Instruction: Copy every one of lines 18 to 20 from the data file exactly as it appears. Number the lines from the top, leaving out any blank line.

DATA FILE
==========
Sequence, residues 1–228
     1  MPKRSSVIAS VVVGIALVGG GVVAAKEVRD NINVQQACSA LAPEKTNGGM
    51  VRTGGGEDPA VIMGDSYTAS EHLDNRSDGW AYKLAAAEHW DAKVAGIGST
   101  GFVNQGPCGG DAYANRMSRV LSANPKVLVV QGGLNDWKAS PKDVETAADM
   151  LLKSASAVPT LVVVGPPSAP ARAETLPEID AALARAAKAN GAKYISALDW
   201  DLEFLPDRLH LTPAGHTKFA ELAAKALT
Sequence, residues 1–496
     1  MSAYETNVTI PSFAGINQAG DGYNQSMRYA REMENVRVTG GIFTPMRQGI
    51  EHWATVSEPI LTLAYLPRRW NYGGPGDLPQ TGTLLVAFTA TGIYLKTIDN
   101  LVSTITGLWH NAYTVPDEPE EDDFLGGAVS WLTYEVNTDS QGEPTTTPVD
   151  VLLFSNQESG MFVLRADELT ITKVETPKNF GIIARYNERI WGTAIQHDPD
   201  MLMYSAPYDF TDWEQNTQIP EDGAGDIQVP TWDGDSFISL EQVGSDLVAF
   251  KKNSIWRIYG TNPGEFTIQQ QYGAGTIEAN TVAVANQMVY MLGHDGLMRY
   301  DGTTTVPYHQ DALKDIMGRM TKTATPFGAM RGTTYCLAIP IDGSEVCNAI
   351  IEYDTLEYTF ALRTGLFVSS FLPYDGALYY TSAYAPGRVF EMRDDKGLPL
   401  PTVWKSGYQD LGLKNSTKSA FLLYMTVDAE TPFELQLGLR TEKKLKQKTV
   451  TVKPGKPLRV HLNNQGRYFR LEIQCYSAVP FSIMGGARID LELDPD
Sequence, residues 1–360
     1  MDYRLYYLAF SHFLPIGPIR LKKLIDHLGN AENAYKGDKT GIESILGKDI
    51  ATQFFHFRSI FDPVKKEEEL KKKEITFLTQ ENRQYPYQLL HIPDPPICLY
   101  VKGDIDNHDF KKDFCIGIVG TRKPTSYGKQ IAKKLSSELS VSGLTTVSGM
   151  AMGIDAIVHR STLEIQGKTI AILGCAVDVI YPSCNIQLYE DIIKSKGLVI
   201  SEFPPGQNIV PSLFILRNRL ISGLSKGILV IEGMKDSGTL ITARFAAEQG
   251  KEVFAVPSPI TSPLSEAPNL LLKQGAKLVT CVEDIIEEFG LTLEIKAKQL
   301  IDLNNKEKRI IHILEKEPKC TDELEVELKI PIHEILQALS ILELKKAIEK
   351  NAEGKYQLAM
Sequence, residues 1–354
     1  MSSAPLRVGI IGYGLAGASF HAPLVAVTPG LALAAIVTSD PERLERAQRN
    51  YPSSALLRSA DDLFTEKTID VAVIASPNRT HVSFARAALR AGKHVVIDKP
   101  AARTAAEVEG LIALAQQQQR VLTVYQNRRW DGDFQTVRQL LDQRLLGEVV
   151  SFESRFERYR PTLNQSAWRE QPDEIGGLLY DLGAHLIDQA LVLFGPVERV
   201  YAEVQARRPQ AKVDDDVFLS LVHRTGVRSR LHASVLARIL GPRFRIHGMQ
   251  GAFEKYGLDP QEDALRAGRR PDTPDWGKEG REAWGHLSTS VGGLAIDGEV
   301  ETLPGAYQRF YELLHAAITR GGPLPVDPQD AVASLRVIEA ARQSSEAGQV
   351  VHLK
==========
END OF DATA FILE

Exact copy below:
Sequence, residues 1–360
     1  MDYRLYYLAF SHFLPIGPIR LKKLIDHLGN AENAYKGDKT GIESILGKDI
    51  ATQFFHFRSI FDPVKKEEEL KKKEITFLTQ ENRQYPYQLL HIPDPPICLY